Budapest is a lovely city, I am very fond off. Navigating through it can be tricky.
The early challenges of getting around while studying there in the mid eighties taught a lesson that stayed with me for life.
I loved exploring the city, jumping from one vehicle to another, moving below/above ground and water.
What got my head in was though the circular nature of the city, having been developed over 2 concentric, circular routes.
You could chuck-along on a tram for hours – observe landscapes of grey streets going by – and end up in exactly the same place you started off.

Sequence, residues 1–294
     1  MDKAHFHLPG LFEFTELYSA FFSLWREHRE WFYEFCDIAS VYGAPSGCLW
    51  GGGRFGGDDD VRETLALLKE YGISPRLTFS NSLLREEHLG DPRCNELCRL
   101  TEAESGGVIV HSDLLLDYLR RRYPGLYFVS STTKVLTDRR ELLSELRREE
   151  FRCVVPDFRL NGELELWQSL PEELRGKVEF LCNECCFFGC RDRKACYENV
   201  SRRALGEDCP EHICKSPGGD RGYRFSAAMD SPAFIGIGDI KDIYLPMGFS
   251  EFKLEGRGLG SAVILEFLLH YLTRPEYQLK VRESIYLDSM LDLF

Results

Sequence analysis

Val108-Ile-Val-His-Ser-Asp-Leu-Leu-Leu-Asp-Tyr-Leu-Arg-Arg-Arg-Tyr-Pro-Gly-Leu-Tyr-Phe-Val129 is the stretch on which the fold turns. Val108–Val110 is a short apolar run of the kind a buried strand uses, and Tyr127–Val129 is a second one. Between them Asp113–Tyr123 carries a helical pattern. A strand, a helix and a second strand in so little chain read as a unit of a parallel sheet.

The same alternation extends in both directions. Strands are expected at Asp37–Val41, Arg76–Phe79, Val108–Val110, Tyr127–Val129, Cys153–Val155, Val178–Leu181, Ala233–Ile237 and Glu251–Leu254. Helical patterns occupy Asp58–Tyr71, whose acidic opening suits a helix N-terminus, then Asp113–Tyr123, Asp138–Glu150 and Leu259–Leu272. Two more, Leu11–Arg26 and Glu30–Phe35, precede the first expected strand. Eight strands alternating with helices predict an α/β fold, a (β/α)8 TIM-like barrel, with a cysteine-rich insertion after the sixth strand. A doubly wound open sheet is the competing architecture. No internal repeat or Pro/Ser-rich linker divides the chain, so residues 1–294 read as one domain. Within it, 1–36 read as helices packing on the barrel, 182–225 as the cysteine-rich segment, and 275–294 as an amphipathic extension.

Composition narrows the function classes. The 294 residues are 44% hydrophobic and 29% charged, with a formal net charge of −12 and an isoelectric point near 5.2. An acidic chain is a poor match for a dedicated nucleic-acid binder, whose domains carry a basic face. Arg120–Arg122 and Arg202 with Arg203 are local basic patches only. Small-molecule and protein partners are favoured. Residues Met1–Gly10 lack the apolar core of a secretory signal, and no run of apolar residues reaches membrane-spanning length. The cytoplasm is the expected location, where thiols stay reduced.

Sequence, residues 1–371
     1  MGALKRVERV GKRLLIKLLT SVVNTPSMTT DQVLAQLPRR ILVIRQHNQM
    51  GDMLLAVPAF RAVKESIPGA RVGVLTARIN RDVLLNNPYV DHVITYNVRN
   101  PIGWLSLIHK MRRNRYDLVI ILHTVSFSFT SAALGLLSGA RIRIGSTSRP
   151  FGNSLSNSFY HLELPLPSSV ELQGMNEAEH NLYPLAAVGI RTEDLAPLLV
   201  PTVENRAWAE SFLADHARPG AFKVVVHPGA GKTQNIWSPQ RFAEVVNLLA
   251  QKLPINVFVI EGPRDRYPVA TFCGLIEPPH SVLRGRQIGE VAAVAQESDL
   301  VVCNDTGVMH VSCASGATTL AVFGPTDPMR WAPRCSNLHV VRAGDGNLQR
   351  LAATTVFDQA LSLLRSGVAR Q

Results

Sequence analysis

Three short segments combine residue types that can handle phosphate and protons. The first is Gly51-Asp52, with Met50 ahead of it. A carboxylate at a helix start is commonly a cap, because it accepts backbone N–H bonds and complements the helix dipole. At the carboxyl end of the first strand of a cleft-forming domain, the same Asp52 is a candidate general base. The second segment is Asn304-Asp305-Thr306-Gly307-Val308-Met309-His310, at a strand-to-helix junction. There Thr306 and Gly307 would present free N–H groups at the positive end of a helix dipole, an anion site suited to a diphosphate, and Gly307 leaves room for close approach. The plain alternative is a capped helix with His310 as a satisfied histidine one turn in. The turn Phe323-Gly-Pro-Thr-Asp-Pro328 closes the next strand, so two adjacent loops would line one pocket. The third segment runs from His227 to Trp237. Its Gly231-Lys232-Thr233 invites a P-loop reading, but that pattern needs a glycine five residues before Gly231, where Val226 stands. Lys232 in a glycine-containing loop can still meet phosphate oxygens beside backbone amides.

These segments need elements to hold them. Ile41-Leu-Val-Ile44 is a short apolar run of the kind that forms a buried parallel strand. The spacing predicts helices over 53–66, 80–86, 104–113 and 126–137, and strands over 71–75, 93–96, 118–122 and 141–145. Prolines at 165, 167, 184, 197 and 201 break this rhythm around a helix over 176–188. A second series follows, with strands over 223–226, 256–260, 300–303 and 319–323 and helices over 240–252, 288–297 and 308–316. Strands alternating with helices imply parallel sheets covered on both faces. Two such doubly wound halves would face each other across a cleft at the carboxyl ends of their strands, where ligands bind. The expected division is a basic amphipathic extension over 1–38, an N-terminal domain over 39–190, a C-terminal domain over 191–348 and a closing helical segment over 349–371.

Sometime you’d want to reach a destination on you right – a tram going left would come sooner, you’d go with it.
An express bus going the opposite direction could take you there even faster.
What was the lesson coming out of this?
The way I managed to get my head around navigating the city was by memorising the ‘big picture’.
When attempting to do any BIM, seeing the big picture as a reference is hugely important.
It is so easy to get pulled into the details, the challenges of having to deliver meaningful results daily.
Detail is good. However, remember this: sometimes taking the tram that is heading the opposite direction from where you intend to go may just get you there the fastest.
(not quite Budapest on these pictures but still pretty)